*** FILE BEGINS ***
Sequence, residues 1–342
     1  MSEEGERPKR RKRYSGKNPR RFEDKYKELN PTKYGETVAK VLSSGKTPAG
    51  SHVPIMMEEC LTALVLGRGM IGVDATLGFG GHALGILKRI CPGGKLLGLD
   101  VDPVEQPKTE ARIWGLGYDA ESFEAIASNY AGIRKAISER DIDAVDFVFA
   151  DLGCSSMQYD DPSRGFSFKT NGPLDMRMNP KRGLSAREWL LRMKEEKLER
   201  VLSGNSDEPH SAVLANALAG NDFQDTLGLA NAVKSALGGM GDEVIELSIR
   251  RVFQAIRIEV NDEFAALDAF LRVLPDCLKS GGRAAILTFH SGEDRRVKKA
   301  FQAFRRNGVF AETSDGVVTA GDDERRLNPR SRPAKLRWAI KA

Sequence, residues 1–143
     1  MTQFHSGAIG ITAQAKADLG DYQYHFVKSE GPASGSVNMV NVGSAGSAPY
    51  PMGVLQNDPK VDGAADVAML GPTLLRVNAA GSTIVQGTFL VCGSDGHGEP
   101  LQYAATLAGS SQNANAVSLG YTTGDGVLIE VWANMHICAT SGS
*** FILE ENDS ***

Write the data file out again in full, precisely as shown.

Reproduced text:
Sequence, residues 1–342
     1  MSEEGERPKR RKRYSGKNPR RFEDKYKELN PTKYGETVAK VLSSGKTPAG
    51  SHVPIMMEEC LTALVLGRGM IGVDATLGFG GHALGILKRI CPGGKLLGLD
   101  VDPVEQPKTE ARIWGLGYDA ESFEAIASNY AGIRKAISER DIDAVDFVFA
   151  DLGCSSMQYD DPSRGFSFKT NGPLDMRMNP KRGLSAREWL LRMKEEKLER
   201  VLSGNSDEPH SAVLANALAG NDFQDTLGLA NAVKSALGGM GDEVIELSIR
   251  RVFQAIRIEV NDEFAALDAF LRVLPDCLKS GGRAAILTFH SGEDRRVKKA
   301  FQAFRRNGVF AETSDGVVTA GDDERRLNPR SRPAKLRWAI KA

Sequence, residues 1–143
     1  MTQFHSGAIG ITAQAKADLG DYQYHFVKSE GPASGSVNMV NVGSAGSAPY
    51  PMGVLQNDPK VDGAADVAML GPTLLRVNAA GSTIVQGTFL VCGSDGHGEP
   101  LQYAATLAGS SQNANAVSLG YTTGDGVLIE VWANMHICAT SGS